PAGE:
In ‘Urban’, you get 100bhp and a lot of intervention from the Ducati Traction Control system – it’s almost as if the Diavel is wearing a halo. In this mode, the Diavel leaves Delhi’s incense-filled morning with nothing more than an air of haughty contempt.
Out on the highway, ‘Touring’ gives a restrained perspective of the full power available – as if it’s possessed, but an exorcist is at hand. However, switch to ‘Sport’ – what I like to call ‘Hellfire and Brimstone’ mode – and the Diavel’s horns become sharpest, its tail most spiky. Heck, the whole bike seems to turn redder even, as the exorcist runs for his life.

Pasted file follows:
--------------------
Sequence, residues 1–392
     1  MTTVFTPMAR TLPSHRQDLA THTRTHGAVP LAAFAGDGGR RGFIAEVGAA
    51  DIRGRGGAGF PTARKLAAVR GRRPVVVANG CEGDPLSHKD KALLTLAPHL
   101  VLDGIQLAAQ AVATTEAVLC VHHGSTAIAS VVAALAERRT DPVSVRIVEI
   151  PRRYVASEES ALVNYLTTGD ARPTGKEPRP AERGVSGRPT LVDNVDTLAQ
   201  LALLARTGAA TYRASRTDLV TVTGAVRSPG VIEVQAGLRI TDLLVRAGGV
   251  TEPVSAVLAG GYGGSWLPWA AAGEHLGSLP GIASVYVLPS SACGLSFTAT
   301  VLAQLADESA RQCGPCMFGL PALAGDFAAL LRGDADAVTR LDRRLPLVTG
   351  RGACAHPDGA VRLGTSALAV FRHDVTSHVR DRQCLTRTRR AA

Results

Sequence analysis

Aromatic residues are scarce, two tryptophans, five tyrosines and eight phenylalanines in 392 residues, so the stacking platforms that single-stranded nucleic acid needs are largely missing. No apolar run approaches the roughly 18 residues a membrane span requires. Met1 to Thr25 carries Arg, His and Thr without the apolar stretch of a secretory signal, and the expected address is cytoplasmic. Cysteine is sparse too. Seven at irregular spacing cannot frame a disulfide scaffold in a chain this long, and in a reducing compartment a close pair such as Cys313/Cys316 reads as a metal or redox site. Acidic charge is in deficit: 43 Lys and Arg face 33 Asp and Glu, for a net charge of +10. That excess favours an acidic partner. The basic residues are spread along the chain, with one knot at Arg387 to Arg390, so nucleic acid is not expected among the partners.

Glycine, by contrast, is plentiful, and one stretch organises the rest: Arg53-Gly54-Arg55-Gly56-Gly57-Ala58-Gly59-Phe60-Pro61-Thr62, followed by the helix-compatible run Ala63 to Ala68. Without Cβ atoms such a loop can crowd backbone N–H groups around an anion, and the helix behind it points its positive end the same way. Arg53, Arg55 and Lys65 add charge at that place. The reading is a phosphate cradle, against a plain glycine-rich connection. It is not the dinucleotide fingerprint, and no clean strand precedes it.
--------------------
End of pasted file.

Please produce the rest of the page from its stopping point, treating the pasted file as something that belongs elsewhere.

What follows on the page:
It’s as if someone turned the power-switch to ‘Biblical’. If the Monster is a wave of torque, the Diavel is most certainly a tsunami, a tsunami that goes from 0-100kph in an unbelievable 2.6 seconds. After that number, nothing matters, really, except the way the Diavel goes on its frequent devastating rampages. The tiniest twitch of the throttle puts vast distances between you and the god-fearing traffic.